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In North Carolina, Stakes Are Just As High In Down-Ballot Races


We're going to go now to North Carolina, where races for president and U.S. Senate often serve as a national bellwether. That's why hundreds of millions of dollars in campaign spending have poured in. But further down the ballot, the stakes are just as high. From member station WUNC, Jeff Tiberii has this report.


JEFF TIBERII, BYLINE: The marching band from historically Black Shaw University laid down the beat as vice presidential candidate Kamala Harris clapped her hands during a recent campaign stop.


TIBERII: Welcome to North Carolina, a swingy, purple, squishy coin flip of a tossup state where control of the White House, Congress and Supreme Court could all be decided.


KAMALA HARRIS: There is so much about what happens in North Carolina as a bellwether, as a measure for what's going on in our country, both in terms of its historical strength, but also in terms of the challenges.

CHRIS COOPER: You know, North Carolina has been described as perhaps the most critical state in the country to - in determining who our next president is going to be.

TIBERII: Chris Cooper teaches political science at Western Carolina University. For decades, this was a reliably red state for presidential candidates. Then in 2008, Barack Obama carried North Carolina by just 14,000 votes. Four years later, his closest victory wilted to his most narrow defeat.

COOPER: We're not just a swing state. There's a number of swing states around the country. But, I mean, we're swinging so much that the hinge is almost broken off.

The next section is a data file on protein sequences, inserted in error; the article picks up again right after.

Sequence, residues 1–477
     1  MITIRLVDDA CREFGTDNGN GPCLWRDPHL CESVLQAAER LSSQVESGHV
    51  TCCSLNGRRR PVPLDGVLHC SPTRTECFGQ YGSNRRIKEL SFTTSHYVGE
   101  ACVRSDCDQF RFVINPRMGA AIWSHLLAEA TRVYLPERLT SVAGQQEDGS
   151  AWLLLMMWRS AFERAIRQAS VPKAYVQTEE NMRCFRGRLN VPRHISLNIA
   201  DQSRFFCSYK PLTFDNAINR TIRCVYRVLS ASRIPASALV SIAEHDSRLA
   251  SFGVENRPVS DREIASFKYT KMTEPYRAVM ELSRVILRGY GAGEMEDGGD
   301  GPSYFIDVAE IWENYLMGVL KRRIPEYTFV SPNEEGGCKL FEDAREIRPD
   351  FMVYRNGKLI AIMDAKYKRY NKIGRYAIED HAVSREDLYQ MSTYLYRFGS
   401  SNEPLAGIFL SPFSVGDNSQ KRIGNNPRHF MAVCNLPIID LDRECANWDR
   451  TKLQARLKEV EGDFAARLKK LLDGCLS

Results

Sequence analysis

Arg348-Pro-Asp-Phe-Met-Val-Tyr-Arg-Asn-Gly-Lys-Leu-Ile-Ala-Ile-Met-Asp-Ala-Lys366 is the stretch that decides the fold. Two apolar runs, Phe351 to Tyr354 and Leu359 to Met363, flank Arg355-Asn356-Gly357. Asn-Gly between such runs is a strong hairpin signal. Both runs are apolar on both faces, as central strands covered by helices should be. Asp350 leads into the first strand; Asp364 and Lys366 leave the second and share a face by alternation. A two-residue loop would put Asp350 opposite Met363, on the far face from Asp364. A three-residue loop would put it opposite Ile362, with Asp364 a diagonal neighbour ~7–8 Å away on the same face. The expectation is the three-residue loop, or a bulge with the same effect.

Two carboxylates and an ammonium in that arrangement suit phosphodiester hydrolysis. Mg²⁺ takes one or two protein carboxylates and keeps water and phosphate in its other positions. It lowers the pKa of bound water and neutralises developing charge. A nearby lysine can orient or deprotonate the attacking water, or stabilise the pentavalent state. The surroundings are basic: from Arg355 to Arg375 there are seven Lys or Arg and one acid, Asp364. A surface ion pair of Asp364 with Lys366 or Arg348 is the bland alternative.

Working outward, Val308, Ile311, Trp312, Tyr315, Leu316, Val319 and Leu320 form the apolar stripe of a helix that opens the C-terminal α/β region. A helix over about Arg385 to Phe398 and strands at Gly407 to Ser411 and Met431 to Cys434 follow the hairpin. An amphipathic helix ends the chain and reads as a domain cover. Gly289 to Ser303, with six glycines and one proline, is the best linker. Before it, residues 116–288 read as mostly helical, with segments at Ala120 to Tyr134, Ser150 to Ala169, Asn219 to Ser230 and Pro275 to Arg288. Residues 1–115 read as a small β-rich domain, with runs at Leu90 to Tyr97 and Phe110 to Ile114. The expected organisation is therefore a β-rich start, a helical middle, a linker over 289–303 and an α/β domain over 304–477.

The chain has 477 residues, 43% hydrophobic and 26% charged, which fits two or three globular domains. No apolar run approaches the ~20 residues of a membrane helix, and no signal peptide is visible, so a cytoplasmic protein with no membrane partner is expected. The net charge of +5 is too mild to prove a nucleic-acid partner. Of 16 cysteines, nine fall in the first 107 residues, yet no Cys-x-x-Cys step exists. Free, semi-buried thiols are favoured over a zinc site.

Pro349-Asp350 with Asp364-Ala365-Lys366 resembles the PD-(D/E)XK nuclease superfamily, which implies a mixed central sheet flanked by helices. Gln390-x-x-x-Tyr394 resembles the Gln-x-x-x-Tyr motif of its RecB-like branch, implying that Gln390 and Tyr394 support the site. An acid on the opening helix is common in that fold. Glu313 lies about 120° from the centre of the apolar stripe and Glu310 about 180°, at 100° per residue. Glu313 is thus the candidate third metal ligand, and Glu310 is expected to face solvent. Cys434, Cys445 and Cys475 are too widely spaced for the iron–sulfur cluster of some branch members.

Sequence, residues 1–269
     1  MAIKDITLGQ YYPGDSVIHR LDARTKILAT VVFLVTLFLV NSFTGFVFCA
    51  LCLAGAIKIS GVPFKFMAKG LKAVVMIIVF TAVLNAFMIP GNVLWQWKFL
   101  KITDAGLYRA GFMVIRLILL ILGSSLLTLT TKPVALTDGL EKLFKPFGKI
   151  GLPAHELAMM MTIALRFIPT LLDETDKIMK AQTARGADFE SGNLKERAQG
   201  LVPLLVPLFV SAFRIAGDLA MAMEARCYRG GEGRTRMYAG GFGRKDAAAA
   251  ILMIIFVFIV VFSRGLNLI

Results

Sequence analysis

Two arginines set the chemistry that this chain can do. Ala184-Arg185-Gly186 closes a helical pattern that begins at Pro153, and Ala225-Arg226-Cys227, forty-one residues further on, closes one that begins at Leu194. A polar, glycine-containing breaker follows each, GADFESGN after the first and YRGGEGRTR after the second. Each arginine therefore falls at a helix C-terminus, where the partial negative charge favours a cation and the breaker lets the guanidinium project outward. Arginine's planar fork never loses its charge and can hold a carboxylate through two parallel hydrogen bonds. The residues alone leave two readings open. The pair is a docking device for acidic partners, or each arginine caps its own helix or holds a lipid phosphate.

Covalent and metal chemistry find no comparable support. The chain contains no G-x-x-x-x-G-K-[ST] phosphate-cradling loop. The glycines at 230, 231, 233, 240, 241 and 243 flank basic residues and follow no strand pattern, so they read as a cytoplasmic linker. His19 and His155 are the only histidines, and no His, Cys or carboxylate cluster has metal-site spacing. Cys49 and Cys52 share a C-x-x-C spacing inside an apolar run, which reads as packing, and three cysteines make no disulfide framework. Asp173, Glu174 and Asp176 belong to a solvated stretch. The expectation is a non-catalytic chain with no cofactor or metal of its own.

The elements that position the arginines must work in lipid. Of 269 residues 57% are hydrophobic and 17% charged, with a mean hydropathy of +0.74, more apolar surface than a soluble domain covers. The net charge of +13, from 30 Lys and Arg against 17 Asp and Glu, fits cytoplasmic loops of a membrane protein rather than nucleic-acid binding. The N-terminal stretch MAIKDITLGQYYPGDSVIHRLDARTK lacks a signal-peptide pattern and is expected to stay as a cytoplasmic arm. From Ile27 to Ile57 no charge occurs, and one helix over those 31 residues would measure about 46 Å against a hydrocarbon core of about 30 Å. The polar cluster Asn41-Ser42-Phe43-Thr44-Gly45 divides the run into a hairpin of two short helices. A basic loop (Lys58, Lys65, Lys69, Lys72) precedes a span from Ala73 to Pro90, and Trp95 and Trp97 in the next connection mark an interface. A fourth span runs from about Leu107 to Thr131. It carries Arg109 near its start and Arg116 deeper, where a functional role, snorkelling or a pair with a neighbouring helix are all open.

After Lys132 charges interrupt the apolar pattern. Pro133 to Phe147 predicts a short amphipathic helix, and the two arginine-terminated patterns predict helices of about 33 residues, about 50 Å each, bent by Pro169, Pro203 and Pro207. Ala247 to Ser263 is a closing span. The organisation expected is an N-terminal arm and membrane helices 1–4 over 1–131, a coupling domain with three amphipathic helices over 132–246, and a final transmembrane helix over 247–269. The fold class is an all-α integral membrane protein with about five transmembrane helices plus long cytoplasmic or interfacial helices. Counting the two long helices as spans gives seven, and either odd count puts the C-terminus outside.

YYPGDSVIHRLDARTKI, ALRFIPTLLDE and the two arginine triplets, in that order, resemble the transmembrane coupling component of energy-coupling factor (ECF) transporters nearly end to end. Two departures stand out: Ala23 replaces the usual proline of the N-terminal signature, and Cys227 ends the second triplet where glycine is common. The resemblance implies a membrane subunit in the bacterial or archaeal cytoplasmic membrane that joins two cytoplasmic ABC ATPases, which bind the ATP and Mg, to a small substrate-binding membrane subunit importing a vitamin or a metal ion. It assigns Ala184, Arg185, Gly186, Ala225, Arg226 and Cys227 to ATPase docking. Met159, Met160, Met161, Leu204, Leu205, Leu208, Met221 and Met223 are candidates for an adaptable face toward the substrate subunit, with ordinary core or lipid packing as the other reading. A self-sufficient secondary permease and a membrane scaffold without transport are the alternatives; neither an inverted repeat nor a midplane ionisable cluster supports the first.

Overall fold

TIBERII: Donald Trump won the state in 2016, when unaffiliated voters broke late in his favor. Now, any chance for reelection all but requires another victory here.


PRESIDENT DONALD TRUMP: I'm thrilled to be in Fayetteville with thousands of loyal, hard-working American patriots.

TIBERII: Recent polls show a dead heat in the state. Trump, Democratic nominee Joe Biden, as well as running mates and surrogates have touched down here often. Meanwhile, in a contest that could be the tipping point for power in the U.S. Senate, Republican incumbent Thom Tillis trails Democrat Cal Cunningham. And while much of the attention is focused on the top of the ticket, the greatest political prize may loom further down the ballot, something Biden mentioned at a drive in rally last weekend.


JOE BIDEN: Look. Your governor has been working hard to expand Medicaid, but it's being blocked by Republican legislature. My plan will automatically enroll 357,000 uninsured North Carolinians in a public option for free automatically.


TIBERII: Republicans won both chambers of the legislature in 2010 for the first time since Reconstruction. Republicans have done pretty much whatever they wanted for the past decade - overhauling the tax code, gerrymandering. And then there was that whole transgender bathroom bill. Along with New Hampshire, North Carolina is the only state with presidential, U.S. Senate, gubernatorial and all state legislative seats on the ballot this fall. For the past four years, it has been a constant fight between the legislature and Democratic Governor Roy Cooper.


ROY COOPER: If I believe that laws passed by the legislature hurt working families and are unconstitutional, they will see me in court. And they don't have a very good track record there.

TIBERII: But the trajectory of health care, education funding and non-partisan redistricting could change if Democrats take back either or both chambers. The stakes are incredibly high, and the money is astonishing. Legislative seats pay less than $14,000 a year. However, several key races are seeing millions of dollars in spending. For NPR News, I'm Jeff Tiberii in Raleigh, N.C. Transcript provided by NPR, Copyright NPR.

Jeff Tiberii first started posing questions to strangers after dinner at La Cantina Italiana, in Massachusetts, when he was two-years-old. Jeff grew up in Wayland, Ma., an avid fan of the Boston Celtics, and took summer vacations to Acadia National Park (ME) with his family. He graduated from the S.I. Newhouse School of Public Communications at Syracuse University with a degree in Broadcast Journalism, and moved to North Carolina in 2006. His experience with NPR member stations WAER (Syracuse), WFDD (Winston-Salem) and now WUNC, dates back 15 years.